An­thony Bridge’s Malverns


Countryfile Magazine - - Contents -

Many artists have fallen in love with the Malverns, in­clud­ing Antony Bridge, a pop­u­lar lo­cal artist. Born and still based in this part of the coun­try, Antony heads out into the land­scape with his easel in all weath­ers; a plein-air painter who cap­tures the ma­jes­tic hills in sun, rain and storms. His paint­ings re­flect a per­sonal pas­sion for na­ture, colour and light, and he uses a lim­ited pal­ette to cre­ate en­er­getic, colour­ful oil paint­ings of the Malverns that make you want to dis­cover the place your­self.


Start at Bri­tish Camp car park op­po­site the Malvern Hills Ho­tel near Lit­tle Malvern. You can get here by bus from Great Malvern – take the 44B or 481 to­wards Led­bury from Church Street, get­ting off op­po­site the kiosk (you’ll see the ho­tel on the right). Or, if you don’t mind adding some miles to the route, it takes about an hour to walk here from Great Malvern train sta­tion.

The first part of the walk is a loop of Bri­tish Camp, or Here­ford­shire Beacon. Go through the wooden gate half­way down the car park and fol­low the path along the east­ern side of the hill. Ig­nore the trail and steps to the right, stick­ing with the lower path as it emerges from the trees with lovely views of Bri­tish Camp Reser­voir to your left.

About 500m be­yond the reser­voir, take a path to the right link­ing the lower trail with the main ridge path and fol­low signs for Bri­tish Camp (Here­ford­shire Beacon).


Bri­tish Camp is an Iron Age hill fort, thought to have been built in the 2nd cen­tury BC and you can still see the man-made na­ture of the hill.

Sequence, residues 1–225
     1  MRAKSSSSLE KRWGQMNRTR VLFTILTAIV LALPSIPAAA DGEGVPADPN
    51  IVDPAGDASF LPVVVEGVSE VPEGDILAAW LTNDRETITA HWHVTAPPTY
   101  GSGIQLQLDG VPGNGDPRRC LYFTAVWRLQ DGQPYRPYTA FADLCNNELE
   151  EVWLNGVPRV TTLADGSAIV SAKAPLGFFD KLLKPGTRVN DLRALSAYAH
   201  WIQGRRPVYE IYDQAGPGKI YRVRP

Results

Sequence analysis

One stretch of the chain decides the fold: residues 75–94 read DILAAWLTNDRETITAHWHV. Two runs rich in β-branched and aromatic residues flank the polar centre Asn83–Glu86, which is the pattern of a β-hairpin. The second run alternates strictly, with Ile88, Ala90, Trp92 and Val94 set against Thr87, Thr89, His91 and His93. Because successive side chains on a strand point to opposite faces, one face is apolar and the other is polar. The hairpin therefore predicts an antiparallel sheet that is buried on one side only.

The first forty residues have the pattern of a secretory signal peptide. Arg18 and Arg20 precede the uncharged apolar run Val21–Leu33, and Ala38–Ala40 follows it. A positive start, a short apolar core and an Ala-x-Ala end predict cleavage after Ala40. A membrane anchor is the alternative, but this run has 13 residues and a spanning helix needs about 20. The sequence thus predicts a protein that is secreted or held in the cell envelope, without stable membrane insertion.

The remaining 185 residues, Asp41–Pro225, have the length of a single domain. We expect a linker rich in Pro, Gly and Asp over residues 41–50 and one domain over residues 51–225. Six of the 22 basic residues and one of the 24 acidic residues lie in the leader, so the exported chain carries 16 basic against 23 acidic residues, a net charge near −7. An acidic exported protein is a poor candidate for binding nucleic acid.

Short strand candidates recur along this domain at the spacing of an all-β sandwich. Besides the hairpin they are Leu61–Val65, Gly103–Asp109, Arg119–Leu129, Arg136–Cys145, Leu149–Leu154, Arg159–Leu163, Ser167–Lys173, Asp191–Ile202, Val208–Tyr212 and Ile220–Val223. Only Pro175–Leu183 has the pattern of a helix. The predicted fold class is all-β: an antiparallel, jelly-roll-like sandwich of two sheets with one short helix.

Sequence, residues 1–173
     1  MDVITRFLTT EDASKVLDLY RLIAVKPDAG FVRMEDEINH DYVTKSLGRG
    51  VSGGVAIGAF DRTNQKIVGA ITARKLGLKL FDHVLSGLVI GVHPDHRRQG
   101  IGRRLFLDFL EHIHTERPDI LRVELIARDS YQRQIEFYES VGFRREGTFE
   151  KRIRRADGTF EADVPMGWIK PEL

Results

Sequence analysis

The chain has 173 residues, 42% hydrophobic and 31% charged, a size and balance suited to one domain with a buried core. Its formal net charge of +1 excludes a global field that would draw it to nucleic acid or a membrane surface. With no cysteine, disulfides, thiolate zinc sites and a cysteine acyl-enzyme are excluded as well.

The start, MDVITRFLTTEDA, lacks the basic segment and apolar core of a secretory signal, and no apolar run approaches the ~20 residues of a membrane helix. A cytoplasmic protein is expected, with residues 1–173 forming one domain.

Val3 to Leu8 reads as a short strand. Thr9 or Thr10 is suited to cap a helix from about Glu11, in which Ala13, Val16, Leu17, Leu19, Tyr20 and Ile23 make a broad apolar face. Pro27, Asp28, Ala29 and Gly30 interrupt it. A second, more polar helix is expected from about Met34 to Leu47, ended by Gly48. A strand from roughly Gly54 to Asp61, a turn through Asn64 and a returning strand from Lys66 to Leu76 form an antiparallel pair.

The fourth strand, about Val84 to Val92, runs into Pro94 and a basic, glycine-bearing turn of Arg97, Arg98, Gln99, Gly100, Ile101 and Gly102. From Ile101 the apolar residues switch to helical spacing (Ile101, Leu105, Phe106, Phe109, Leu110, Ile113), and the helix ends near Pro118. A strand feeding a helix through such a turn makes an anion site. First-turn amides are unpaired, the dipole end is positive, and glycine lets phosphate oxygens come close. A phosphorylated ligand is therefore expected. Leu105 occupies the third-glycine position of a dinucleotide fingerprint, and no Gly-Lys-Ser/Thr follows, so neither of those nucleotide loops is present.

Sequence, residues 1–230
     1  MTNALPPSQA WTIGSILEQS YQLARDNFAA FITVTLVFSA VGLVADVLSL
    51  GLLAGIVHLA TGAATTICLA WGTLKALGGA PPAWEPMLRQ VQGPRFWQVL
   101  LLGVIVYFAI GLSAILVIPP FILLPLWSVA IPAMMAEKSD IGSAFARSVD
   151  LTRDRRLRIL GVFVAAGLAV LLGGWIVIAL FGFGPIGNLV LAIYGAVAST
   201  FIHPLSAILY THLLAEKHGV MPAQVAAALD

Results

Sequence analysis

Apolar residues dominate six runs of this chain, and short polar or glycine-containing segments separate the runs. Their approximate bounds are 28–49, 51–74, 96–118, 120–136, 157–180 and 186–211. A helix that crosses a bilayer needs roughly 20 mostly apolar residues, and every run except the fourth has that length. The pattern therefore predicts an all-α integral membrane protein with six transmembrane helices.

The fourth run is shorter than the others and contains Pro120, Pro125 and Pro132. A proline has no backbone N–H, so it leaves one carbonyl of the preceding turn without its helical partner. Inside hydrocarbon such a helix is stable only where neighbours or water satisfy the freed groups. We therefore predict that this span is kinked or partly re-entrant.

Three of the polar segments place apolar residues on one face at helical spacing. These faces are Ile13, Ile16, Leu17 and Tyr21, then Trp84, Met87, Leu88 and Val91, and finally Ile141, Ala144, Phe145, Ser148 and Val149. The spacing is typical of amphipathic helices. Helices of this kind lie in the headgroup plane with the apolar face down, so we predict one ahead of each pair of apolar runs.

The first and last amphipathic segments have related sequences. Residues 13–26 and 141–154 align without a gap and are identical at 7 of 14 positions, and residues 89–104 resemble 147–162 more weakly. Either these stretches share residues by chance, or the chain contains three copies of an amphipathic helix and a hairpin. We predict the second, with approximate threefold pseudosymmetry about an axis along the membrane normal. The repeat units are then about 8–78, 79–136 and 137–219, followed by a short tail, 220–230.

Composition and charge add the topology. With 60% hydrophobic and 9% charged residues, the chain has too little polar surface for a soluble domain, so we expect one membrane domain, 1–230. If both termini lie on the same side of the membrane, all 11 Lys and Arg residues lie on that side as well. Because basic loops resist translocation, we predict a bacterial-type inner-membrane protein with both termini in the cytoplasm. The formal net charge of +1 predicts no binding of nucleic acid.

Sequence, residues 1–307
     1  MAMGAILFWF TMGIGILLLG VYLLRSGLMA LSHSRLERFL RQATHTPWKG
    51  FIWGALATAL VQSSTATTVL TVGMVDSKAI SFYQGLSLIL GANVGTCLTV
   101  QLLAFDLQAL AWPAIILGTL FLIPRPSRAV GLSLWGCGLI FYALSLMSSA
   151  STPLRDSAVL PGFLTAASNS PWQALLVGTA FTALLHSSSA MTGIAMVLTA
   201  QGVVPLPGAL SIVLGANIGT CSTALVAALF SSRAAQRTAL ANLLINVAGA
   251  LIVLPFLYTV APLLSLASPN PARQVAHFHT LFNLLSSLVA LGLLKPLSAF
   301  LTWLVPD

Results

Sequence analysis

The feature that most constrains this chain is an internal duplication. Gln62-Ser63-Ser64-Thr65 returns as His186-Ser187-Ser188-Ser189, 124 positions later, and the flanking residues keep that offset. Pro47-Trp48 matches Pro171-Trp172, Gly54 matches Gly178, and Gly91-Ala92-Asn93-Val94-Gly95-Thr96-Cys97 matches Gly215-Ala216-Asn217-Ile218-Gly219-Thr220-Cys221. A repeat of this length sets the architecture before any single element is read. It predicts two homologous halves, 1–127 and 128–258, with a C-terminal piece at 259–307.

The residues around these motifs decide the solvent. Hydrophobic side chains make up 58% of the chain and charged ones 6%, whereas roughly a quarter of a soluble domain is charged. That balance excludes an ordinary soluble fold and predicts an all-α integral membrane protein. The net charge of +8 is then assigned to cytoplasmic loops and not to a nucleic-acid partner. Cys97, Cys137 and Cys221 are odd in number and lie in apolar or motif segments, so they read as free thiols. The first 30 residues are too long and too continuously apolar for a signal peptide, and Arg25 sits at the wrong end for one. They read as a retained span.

The path takes you up some steps on a zigzag­ging route to the top. Take a mo­ment to en­joy the view, then con­tinue back down to the car park.

To carry on with the walk, cross the main road and fol­low Ju­bilee Drive be­hind the ho­tel. A foot­path leads off to the right and emerges soon af­ter at Black Hill car park.


Carry on along the main path to­wards the top of the next hill. Con­tinue on the ridge un­til you get to Wy­che Cut­ting, with Great Malvern vis­i­ble to the right and Worces­ter­shire Beacon up ahead. There are some steep climbs – in­clud­ing 357m-high Pin­na­cle Hill. It’s quite a slog when it’s hot, but it’s well worth tak­ing a pic­nic to eat while you en­joy the views.

On a clear day, look west to the Here­ford­shire hills and the rugged Black Moun­tains. And keep an eye out for grayling and small heath but­ter­flies, adders, green wood­peck­ers, har­vest mice, meadow pip­its and, in spring, marsh or­chids.

At Wych Cut­ting, the path de­scends to the road. Turn right and, just be­fore The Wych Inn, take a sec­ond right on to Old Wy­che Road. This soon turns into Lower Wy­che Road, which takes you into Great Malvern.


Great Malvern is a lovely place to spend an af­ter­noon, with its shops, cafés and gal­leries. That’s if you can re­sist the call of the signs say­ing ‘To the Hills’, tempt­ing you to tackle the next, more stren­u­ous sec­tion.

Where to see the art: Antony Bridge is the artist in res­i­dence at the nearby Na­tional Trust prop­erty, Croome Park. Find out more at antony­

Antony Bridge’s Malvern Morn­ing Sun­rise casts the fa­mil­iar hills (inset) in an un­usual new light

Emily Gravenor is a Warwickshire-born travel writer who lives in Brighton.

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